Washington Post: Aaron Davis reports that the District of Columbia City Council has approved a measure to raise the city’s minimum wage to $15, and the city’s mayor is expected to sign it into law. Currently, D.C.’s minimum wage is $10.50; the new law would up that wage to $15 by 2020, after which increases would be automatic and tied to inflation. Tipped workers’ base rate would rise from $2.77 to $5, and employers would have to make up the difference if a worker’s tips don’t get him or her to the $15/hour mark. Davis writes: “But representatives of the Restaurant Opportunities Center said they were not ready to abandon the goal of a $15 minimum for restaurant workers. Kennard Ray, a spokesman for the group, said he was disappointed that D.C. lawmakers had ‘chosen again to leverage some low-wage workers against others’ to make a deal on minimum-wage law.”

New York Post: Emily Saul reports that a construction company owner is now facing manslaughter charges in the death of worker Vidal Sanchez Ramon, 50, who fell from the sixth floor of a commercial building site in Coney Island. Local building codes require that workers wear harnesses and that elevated working areas have protective rails — both of which were not the case at the building site where Ramon died. Saul reports: “A hardworking man died tragically and unnecessarily because proper safety measures were not taken to protect his life,” Brooklyn DA Ken Thompson said in a statement. “As buildings go up all over Brooklyn, we owe it to every construction worker to make sure that they don’t lose their lives due to short cuts on safety.”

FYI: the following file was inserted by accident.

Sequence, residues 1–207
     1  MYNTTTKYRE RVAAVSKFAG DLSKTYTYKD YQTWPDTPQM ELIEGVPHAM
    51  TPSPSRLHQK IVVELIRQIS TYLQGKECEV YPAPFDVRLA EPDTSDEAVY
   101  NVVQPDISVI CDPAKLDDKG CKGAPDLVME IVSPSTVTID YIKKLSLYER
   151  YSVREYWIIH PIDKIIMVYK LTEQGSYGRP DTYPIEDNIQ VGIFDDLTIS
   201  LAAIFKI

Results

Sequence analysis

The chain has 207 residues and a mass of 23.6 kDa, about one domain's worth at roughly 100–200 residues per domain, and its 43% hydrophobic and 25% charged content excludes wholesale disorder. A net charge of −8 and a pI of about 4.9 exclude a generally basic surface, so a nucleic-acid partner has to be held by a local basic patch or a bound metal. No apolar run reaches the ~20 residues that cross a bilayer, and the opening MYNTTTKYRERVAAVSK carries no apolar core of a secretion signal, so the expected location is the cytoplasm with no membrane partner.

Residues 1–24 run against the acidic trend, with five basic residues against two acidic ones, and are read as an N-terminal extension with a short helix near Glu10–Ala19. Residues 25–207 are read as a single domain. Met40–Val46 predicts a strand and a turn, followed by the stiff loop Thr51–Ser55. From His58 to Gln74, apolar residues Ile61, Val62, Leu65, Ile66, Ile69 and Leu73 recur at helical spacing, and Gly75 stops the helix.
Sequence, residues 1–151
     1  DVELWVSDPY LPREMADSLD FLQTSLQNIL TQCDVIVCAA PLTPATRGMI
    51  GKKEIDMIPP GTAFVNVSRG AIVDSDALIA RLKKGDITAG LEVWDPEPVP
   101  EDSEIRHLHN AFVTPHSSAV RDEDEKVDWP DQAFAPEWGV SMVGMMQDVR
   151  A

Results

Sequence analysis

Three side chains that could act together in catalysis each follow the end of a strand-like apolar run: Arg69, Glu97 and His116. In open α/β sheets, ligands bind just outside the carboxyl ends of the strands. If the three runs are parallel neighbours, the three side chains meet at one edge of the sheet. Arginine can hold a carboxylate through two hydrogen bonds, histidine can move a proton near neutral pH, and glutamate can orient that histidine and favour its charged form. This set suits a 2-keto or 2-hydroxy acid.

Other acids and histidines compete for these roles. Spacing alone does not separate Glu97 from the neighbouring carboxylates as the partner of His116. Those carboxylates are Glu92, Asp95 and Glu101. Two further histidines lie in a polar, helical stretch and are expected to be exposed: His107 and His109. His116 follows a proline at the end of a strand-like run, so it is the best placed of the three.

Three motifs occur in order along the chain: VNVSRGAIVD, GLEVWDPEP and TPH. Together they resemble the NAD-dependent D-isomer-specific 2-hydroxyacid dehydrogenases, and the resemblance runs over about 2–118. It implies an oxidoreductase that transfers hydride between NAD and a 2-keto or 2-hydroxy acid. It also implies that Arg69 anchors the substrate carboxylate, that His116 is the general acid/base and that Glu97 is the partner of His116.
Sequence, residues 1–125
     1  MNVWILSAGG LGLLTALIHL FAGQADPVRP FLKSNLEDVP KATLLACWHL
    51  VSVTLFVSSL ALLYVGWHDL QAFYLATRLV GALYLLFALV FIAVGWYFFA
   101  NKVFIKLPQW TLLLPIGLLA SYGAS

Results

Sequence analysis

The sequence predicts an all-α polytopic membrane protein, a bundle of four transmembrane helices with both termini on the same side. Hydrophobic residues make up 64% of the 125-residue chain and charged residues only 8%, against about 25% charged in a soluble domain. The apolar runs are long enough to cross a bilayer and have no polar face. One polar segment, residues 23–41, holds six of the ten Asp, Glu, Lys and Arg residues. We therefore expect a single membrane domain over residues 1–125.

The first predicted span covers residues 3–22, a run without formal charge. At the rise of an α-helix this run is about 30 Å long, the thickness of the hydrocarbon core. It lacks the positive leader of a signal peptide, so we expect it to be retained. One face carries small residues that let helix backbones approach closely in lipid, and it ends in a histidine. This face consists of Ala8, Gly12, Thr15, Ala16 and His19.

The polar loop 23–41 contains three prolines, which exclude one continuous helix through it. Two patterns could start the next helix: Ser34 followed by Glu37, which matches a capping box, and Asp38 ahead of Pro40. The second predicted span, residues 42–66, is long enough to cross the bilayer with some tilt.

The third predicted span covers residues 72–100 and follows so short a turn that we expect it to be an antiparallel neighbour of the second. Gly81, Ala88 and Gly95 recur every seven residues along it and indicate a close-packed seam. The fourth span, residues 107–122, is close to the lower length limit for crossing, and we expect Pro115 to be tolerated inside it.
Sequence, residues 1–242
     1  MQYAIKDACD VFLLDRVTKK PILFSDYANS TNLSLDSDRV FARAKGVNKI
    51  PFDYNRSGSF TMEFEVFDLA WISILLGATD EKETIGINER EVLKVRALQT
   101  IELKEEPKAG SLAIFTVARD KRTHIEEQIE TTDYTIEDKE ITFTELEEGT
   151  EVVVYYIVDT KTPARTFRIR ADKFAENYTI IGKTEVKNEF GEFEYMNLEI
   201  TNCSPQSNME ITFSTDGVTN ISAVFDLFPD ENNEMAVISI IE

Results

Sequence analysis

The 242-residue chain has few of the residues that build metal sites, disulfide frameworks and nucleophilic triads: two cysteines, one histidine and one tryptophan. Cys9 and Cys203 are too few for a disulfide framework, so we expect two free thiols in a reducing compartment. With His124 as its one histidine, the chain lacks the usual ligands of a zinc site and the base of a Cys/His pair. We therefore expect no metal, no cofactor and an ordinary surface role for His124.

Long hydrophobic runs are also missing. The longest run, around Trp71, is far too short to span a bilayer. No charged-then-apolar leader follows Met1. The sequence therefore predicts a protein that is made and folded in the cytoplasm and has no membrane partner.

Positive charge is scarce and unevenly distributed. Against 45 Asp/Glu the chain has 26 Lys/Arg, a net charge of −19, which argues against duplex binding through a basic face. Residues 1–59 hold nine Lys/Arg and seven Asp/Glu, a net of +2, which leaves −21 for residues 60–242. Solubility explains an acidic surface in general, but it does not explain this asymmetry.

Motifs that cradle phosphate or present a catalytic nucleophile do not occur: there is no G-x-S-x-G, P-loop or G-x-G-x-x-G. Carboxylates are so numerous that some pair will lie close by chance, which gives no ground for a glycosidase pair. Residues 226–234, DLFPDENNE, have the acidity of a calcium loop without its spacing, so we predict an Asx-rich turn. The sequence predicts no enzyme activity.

Gawker: The online media outlet published a first-person account of an Amazon worker in California who worked in a “cross dock” warehouse, which is devoted to preparing products for other vendors. (This is in contrast to an Amazon fulfillment center, where workers fulfill actual customer orders.) The anonymous worker writes about having to make “rate” — or unpacking and repacking a certain number of products per hour. At first, the worker writes, the rate was 85, but then it rose to 180. According to the article: “Rate was constant. Rate was on you all day. If you went to the bathroom, that lowered your Rate. If your boss came by to see how you were doing, that distraction lowered your Rate. If you ran out of bags and had to go get new ones yourself, that lowered your Rate. If you cut yourself on a box cutter or pinched a finger in the conveyor belt right next to you or something, and had to go to the on-site Amcare office (like a school nurse’s office, and equally as competent), well, you were still on Rate, and that lapse in work lowered your Rate.”

Kim Krisberg is a freelance public health writer living in Austin, Texas, and has been writing about public health for nearly 15 years.